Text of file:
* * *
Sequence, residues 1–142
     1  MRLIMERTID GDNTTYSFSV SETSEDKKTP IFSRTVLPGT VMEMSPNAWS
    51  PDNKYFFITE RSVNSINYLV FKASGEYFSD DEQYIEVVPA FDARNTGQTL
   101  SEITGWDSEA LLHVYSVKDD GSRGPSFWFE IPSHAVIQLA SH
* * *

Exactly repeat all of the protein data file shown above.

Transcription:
Sequence, residues 1–142
     1  MRLIMERTID GDNTTYSFSV SETSEDKKTP IFSRTVLPGT VMEMSPNAWS
    51  PDNKYFFITE RSVNSINYLV FKASGEYFSD DEQYIEVVPA FDARNTGQTL
   101  SEITGWDSEA LLHVYSVKDD GSRGPSFWFE IPSHAVIQLA SH